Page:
Loretta Hieber Girardet: Yeah. It’s a great question. I remember the Nobel Prize winner, Sherwood Rowland who was involved with identifying components of the ozone hole once said, what’s the use of having developed a science well enough to make predictions. If in the end, all we’re willing to do is to stand around and wait for them to come true. And I think that’s a really interesting reflection because I think at some point there was a sense that what communities were lacking was information. So, we needed to build the information deficit, but we know now that understanding the problem does not necessarily mean that we can agree on how to implement measures to address the problem. And this is why I think relooking at that science-policy interface is really important because the worst-case scenario is that we advance in terms of scientific knowledge, but the communities, in particular, do not have access to what they need to actually make changes in their lives based on that science. So, what do we really want to see? I think as I’ve mentioned previously, we really do need to make the science more locally based and make it more relevant to communities. One of the ways to do it is to focus on the co-benefits, but for those types of research programs to be designed, you need to have interaction and engagement with the communities. So, we need to put in place. And in some cases, they do exist really this engagement mechanism with stakeholders and decision-makers so that we can ensure the relevance of research for potential solutions that impact the daily lives of people. I also think that we need to see greater engagement between the physical and the social sciences and we just talked about risk communication. I think that’s a very good example of if you have a disconnect between those setting, the physical science and those engaged in social science, that ability to translate results into very practical solutions is limited. What I really see is the critical importance of good communication plays, but also this linkage between science communication and community engagement. I think it’s that combination that really makes a difference. And we do, we are seeing examples of take-up of the community level. Science-based approaches, but they need to be translated into the realities of local communities. And I think one of the challenges that I have seen, especially in my previous position in Asia Pacific were countries that were far advanced in terms of either DRR or it could be artificial intelligence use for early warning systems, trying to share that type of knowledge with a country that could be still in a very early stage of development. It may even have IT connectivity. So, in a way, I think, we need to do a better job of taking these high-tech solutions and making them applicable and low tech and resource-constrained environments, because those are the communities that really risk being left behind.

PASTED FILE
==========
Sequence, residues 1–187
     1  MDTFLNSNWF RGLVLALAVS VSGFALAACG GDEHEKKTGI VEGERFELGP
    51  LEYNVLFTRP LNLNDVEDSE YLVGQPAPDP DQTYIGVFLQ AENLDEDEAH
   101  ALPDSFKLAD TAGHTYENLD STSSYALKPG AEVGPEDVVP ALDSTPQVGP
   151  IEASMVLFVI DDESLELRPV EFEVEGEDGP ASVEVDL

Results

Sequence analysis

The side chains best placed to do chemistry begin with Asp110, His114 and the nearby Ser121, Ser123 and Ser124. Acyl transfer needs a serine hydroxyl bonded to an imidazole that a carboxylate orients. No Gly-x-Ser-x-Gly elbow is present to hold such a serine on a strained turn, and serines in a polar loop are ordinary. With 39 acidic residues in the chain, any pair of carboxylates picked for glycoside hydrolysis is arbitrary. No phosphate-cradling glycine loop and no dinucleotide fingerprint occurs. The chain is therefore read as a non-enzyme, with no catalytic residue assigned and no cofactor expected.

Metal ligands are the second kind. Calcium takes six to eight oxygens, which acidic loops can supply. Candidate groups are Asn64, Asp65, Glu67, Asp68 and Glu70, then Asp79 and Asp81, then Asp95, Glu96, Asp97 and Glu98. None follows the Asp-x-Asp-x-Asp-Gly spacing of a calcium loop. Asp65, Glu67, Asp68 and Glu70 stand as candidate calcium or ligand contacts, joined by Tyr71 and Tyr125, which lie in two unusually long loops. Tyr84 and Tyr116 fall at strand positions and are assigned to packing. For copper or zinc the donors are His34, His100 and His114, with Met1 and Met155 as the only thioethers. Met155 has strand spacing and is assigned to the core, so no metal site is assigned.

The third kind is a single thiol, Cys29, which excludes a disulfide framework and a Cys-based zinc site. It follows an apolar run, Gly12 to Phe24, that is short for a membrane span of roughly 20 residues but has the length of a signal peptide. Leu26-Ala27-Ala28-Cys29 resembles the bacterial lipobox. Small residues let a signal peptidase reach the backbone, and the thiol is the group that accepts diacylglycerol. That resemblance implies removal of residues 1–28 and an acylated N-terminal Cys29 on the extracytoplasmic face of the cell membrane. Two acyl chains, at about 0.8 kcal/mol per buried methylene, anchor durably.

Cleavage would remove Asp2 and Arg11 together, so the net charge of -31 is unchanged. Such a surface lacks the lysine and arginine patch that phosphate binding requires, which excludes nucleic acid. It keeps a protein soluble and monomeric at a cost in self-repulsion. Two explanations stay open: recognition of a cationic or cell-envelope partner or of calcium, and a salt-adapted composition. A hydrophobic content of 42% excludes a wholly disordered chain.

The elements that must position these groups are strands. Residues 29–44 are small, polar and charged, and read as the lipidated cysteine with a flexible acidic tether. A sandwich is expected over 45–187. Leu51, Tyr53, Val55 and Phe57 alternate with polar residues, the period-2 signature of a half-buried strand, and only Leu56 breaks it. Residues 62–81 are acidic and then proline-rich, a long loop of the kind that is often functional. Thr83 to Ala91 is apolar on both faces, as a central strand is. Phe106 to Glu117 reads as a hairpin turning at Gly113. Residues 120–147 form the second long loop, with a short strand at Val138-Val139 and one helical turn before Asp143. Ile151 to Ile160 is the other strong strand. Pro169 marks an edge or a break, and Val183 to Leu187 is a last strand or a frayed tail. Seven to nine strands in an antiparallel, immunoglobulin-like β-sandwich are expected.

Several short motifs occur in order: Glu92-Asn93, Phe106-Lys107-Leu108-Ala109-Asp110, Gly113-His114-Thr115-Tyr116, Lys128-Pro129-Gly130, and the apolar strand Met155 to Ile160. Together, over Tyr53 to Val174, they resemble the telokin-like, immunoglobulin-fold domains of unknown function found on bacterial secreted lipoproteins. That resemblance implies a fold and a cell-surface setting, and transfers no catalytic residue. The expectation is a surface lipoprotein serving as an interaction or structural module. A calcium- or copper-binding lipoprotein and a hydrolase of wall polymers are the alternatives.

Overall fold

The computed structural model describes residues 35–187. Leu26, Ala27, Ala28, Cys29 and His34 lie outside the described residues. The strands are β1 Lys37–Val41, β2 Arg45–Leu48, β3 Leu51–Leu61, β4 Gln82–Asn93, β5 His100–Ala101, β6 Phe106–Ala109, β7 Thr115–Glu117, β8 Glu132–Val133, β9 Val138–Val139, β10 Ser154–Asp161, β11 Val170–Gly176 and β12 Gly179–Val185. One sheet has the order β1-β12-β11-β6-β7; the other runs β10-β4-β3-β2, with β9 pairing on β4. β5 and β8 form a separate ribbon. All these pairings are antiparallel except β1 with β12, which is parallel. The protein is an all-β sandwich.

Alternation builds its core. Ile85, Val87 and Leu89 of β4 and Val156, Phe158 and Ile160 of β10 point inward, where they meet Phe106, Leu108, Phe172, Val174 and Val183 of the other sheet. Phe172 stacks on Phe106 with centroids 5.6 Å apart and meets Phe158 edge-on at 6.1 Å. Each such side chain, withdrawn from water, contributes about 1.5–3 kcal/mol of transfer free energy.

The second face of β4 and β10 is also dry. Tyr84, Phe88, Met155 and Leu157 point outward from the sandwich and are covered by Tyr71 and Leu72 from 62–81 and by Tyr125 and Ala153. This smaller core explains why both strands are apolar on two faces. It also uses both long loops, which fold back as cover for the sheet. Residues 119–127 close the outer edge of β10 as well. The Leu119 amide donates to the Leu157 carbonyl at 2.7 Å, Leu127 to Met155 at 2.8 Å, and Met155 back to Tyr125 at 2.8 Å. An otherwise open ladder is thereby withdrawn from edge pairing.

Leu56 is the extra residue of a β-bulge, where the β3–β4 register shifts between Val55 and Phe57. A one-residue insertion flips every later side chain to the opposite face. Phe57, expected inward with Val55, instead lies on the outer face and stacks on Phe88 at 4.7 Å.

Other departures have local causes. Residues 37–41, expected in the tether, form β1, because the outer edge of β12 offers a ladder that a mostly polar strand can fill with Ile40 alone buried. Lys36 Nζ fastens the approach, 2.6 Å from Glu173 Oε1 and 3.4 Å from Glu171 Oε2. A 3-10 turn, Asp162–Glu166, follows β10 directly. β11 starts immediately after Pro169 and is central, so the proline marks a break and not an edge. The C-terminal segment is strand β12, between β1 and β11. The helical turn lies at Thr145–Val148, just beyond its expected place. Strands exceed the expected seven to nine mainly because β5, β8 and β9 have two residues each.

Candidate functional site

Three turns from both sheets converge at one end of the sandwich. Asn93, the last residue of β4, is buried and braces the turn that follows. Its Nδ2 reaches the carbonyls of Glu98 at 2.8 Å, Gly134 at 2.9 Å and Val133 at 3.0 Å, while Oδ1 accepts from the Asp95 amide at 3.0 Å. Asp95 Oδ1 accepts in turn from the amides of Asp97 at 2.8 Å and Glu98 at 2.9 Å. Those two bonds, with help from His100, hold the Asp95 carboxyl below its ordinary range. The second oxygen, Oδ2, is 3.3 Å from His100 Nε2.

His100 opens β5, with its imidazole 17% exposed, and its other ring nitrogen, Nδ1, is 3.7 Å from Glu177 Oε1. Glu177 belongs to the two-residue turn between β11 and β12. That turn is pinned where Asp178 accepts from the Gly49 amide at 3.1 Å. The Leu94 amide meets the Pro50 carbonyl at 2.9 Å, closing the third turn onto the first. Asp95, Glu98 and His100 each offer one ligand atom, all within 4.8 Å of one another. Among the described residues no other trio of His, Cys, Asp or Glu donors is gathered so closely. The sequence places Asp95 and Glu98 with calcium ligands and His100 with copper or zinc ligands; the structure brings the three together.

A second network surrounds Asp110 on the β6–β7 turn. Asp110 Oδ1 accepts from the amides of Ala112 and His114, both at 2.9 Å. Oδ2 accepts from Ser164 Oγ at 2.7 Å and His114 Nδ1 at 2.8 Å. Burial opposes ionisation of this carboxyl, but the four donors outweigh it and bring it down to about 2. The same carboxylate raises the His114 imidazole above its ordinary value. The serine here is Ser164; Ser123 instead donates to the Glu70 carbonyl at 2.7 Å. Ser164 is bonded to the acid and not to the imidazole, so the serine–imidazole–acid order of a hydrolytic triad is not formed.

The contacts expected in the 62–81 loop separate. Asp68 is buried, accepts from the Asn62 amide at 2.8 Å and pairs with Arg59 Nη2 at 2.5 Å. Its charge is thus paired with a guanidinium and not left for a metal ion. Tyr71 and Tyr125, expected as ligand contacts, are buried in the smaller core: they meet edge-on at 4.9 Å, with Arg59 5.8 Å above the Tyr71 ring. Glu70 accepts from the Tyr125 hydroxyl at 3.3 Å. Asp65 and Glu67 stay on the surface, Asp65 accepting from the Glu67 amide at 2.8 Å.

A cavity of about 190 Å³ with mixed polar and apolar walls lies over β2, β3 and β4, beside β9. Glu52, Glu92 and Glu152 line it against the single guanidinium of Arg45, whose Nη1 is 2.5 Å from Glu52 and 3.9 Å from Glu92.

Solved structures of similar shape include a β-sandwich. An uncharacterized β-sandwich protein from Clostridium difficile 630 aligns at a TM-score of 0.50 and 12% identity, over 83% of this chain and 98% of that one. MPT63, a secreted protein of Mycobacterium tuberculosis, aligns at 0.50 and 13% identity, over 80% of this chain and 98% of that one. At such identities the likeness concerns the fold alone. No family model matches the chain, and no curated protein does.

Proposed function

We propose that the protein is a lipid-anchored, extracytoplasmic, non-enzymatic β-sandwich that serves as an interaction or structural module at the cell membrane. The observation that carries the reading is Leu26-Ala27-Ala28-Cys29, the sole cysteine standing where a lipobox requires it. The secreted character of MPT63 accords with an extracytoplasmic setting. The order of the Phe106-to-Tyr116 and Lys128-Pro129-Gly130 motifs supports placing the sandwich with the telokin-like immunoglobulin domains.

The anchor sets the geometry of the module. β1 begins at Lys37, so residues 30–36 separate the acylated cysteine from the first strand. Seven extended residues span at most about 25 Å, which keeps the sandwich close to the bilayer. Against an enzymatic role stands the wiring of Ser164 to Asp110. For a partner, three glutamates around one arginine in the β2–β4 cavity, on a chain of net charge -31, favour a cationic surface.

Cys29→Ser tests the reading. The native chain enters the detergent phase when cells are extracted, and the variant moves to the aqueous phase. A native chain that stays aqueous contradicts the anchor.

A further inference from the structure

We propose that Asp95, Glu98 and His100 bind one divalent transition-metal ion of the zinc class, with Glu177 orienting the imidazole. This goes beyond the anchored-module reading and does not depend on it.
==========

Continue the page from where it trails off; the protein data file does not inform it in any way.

Paulyn Duman: A lot of our listeners are actually coming from young people. What message do you have for young people?